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There’s an invasive plant in the Santa Cruz Mountains that can take over a creek.
Its scientific name is Clematis vitalba but most folks call it “old man’s beard” after its large, white flowers. Maybe you’ve seen this houseplant in your local nursery or in a neighbor’s front yard? Native to parts of Europe and with no animals or insects that want to eat it in the state of California, clematis is an extremely invasive plant here that can engulf an entire watershed.
Left unchecked, clematis wraps its tendrils around the base of nearby trees and climbs until it has secured as much sunlight as it can – often choking out and killing the trees and native ground plants. With nothing to stop its advance, our forests are reduced to big ugly mats of a gnarled, non-native weed.
The Resource Conservation District of Santa Cruz County was the first to identify the 30-acre patch of clematis in San Vicente Redwoods in 2011, the same year POST and our conservation partners acquired the 8,532-acre property near Davenport. So, when we protected this land, we became its steward and owned the challenge of eradicating this seemingly unstoppable plant.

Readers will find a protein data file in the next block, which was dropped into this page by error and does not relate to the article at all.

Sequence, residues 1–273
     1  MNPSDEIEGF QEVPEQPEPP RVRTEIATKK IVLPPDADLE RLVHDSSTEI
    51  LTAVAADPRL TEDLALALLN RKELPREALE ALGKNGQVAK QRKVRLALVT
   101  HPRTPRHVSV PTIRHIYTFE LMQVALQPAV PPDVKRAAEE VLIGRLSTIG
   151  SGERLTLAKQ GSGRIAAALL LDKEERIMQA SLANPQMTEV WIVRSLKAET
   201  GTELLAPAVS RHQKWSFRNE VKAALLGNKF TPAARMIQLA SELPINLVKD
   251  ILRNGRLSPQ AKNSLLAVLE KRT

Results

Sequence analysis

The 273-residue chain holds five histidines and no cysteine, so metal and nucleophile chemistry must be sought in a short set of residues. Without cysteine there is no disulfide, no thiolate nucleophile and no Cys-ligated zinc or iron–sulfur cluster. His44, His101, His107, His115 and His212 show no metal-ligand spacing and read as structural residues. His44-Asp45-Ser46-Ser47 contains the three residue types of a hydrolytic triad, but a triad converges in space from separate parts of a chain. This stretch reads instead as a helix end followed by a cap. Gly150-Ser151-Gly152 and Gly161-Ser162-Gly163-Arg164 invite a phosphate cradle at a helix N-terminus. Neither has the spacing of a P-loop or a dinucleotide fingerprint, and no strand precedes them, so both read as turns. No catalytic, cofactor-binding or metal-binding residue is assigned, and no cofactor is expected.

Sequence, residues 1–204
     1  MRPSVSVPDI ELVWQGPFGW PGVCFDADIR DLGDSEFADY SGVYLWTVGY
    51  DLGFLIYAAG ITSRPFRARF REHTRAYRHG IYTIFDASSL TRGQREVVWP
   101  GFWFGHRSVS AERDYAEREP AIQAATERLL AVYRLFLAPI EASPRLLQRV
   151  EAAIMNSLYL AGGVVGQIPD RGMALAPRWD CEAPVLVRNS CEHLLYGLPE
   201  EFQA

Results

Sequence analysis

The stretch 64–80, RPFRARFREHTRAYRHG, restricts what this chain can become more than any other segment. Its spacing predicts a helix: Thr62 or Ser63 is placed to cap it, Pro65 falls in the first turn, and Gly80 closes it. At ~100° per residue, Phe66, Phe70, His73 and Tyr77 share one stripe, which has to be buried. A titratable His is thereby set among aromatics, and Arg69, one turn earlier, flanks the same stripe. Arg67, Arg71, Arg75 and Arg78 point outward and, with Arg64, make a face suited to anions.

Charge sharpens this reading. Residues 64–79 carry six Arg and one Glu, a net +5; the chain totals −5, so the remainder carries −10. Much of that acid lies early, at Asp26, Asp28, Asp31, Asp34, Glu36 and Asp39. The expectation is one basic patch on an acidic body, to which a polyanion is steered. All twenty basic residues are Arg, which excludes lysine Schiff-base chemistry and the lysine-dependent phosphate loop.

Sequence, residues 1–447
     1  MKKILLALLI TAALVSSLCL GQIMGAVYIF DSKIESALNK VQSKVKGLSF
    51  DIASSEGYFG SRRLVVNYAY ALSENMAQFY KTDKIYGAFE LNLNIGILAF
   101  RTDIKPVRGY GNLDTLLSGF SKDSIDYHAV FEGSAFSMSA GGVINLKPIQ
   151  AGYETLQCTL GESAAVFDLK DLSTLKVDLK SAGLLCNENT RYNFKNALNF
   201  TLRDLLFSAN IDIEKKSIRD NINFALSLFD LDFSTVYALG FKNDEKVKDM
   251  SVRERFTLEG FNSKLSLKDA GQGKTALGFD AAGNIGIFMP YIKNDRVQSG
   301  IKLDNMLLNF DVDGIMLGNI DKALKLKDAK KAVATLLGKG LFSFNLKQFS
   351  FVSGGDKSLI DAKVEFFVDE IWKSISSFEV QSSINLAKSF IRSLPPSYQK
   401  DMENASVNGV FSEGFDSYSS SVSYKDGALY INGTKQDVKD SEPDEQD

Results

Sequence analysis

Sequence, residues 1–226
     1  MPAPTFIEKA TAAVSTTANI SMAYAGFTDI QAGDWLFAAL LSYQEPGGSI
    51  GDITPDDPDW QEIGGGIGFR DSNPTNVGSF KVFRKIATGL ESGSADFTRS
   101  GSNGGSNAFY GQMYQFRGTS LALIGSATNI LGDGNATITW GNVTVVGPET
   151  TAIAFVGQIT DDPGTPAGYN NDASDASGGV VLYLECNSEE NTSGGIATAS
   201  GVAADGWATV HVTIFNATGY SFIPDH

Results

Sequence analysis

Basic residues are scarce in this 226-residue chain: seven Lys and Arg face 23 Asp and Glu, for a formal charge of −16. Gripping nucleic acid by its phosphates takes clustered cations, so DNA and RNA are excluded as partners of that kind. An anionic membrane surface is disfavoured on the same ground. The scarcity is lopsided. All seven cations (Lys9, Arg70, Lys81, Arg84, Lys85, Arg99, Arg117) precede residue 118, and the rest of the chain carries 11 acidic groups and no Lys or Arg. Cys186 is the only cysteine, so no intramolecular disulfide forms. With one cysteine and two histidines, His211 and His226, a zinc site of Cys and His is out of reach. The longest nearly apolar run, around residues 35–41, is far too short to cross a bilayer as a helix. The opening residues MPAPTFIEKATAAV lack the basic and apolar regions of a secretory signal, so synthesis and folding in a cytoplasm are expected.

Peninsula Open Space Trust (POST) protects open space on the Peninsula and in the South Bay for the benefit of all. Since its founding in 1977, POST has been responsible for saving more than 76,000 acres as permanently protected land in San Mateo, Santa Clara and Santa Cruz counties.